A year or so ago a client gave me two vehicle passes to the Grandfather Mountain front country. I used one pass for my trip earlier this month. The other one got used up today. It was a pleasant hike from the Swinging Bridge parking lot to McRae Peak. The trails were not crowded but had a decent number of other persons. The hikers were a diverse lot – from about ages 10 to 70 years, slender and heavy, tall and short, men and women, Caucasian, Oriental and African American.
The weather and trail conditions were nearly perfect – clear, sunny, moderately warm and dry. This combination is quite a rare circumstance in the Blue Ridge Mountains.
The four part set of ladders leading up the south side of McRae peak is the most dangerous part of the trail. Perched on a little rock ledge between two of the ladders I found a nice, older middle aged woman who pleasantly greeted me and asked if her husband was on the trail above? She commented that the top ladder was a little too exposed for her. I was coming down, and answered that yes, he was above, and he had asked me to tell her that he was coming back down in a few minutes. Thanks, Ranger Bob.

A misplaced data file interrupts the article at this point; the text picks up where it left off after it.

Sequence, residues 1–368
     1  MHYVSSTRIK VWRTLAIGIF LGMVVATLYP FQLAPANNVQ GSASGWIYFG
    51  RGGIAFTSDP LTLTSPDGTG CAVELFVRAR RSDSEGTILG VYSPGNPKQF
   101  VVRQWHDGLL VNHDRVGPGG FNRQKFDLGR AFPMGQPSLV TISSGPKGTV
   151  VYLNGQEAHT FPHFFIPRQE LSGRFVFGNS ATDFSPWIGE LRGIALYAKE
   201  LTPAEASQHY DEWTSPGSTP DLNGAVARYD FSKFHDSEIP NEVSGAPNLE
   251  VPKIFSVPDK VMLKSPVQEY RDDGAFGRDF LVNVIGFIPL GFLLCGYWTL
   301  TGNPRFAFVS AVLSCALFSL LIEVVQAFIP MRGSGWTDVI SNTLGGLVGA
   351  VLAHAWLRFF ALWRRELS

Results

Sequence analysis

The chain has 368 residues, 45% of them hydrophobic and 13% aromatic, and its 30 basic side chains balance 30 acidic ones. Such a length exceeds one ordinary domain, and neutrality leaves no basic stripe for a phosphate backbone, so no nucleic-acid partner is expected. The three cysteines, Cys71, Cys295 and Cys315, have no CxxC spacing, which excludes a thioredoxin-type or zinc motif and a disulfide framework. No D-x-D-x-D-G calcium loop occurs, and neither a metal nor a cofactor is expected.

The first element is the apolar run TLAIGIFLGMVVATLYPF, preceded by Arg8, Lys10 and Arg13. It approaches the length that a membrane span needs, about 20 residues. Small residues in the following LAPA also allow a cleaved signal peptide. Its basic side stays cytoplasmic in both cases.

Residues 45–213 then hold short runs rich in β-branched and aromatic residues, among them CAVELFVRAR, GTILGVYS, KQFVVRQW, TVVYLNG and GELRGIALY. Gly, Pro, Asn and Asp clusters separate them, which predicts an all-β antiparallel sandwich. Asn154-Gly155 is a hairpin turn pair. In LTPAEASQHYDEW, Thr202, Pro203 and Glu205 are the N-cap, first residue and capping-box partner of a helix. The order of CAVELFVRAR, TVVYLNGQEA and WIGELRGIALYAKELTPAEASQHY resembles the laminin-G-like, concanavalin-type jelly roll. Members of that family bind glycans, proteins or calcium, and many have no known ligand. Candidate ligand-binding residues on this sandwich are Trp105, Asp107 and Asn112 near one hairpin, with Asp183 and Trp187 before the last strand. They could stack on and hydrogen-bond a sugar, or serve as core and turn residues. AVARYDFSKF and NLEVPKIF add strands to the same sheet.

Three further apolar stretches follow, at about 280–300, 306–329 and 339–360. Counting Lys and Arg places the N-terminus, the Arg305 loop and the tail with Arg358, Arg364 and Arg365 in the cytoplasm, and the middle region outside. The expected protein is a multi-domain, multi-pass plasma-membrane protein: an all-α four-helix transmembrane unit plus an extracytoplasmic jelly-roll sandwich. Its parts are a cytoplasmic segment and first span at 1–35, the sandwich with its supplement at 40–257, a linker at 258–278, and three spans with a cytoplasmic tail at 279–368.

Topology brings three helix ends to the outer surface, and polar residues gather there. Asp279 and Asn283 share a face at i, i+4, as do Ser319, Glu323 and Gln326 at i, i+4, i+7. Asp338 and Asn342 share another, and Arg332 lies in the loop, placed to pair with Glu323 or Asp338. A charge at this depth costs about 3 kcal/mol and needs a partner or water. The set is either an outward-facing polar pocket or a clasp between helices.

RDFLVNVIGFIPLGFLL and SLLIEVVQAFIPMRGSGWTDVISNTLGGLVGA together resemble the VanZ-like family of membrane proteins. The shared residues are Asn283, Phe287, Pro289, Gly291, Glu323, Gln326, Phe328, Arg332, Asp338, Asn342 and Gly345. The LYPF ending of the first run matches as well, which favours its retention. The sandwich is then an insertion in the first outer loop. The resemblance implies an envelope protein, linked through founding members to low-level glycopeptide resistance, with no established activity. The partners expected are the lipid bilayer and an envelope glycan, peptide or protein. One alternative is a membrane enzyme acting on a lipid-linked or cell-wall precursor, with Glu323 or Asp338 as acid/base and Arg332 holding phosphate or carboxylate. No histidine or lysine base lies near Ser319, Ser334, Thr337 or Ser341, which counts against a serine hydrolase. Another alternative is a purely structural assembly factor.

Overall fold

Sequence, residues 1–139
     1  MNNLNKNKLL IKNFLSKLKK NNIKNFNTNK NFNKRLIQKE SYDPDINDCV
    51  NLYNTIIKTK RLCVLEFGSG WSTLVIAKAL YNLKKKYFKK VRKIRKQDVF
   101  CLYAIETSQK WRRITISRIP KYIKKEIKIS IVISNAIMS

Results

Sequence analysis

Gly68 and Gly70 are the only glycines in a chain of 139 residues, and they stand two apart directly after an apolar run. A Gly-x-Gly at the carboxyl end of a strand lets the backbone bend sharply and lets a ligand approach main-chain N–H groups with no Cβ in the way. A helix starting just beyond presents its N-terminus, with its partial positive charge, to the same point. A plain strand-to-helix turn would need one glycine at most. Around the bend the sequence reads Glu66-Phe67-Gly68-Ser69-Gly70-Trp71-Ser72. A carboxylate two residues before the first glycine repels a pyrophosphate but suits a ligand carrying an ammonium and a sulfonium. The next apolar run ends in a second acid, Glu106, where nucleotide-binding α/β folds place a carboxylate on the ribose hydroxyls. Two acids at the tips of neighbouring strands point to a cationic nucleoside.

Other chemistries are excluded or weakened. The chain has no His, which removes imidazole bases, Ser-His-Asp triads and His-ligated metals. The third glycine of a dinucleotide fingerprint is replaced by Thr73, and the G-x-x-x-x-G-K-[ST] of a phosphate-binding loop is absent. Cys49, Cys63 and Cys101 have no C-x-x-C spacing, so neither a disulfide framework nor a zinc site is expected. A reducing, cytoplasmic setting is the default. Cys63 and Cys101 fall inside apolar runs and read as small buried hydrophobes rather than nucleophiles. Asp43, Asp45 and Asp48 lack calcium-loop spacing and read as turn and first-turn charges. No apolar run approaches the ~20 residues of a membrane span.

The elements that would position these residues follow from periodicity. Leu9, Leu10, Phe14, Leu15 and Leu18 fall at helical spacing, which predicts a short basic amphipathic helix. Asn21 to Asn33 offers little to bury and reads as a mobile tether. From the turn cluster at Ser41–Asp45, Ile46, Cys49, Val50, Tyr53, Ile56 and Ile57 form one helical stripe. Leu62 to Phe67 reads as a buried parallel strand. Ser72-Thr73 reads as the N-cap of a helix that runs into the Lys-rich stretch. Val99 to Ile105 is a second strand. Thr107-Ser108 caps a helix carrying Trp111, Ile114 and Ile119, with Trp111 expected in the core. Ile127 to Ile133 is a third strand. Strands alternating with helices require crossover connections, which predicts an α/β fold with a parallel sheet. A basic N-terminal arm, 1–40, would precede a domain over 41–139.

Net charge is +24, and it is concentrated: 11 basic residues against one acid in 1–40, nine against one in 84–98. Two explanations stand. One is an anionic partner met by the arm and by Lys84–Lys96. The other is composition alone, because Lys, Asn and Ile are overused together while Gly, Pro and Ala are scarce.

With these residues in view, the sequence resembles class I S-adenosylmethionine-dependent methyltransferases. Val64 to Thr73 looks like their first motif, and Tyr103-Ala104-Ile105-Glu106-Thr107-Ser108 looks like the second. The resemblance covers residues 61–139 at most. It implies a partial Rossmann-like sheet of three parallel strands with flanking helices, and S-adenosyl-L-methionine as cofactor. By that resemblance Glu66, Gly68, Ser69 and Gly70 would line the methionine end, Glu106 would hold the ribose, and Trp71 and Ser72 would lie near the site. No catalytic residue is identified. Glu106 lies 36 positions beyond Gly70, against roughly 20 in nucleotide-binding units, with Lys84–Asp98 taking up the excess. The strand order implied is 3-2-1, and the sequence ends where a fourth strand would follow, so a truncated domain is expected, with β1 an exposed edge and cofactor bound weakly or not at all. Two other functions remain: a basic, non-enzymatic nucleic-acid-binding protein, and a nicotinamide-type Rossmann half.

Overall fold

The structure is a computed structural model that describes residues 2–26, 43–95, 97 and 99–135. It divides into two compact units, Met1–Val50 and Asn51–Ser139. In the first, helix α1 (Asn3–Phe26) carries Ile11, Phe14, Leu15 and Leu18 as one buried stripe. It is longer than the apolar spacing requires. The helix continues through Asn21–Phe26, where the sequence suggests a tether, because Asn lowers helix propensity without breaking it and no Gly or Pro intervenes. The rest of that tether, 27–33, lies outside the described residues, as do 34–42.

I find that my mental and emotional state varies from trip to trip, even on the same trail, and even in similar conditions. I had just been on this same trail in about the same weather just three weeks earlier. Yet today I felt strangely more cautious – not scared, but just more aware of the exposure, especially since much of the time I was by myself. When I was younger, if such a feeling came over me, I would have felt guilty for not being braver. But today, I remembered a trip about five years ago on the Boone Scout Trail up the northeast side of Calloway Peak. That was another solo hike. It was late in the fall, cloudy, dark and drizzly, cold and there may have been some ice on the slick trail. I came to a fairly exposed section and a feeling apprehension came over me. I simply turned around and headed back down. At that time, I had some concern that I was losing my nerve and perhaps being untrue to my manhood. But in hindsight, it was probably a smart move. My self-preservation instincts, correctly, overcame my ego. Turning around may have saved me from an accident and a life-threatening night on the trail with a lonely injury. Today, remembering that self-preservation instinct, I did not feel guilty, but carefully watched my steps heading back down the mountain. It was enough to enjoy being at a great height in the bright sunshine and fresh air.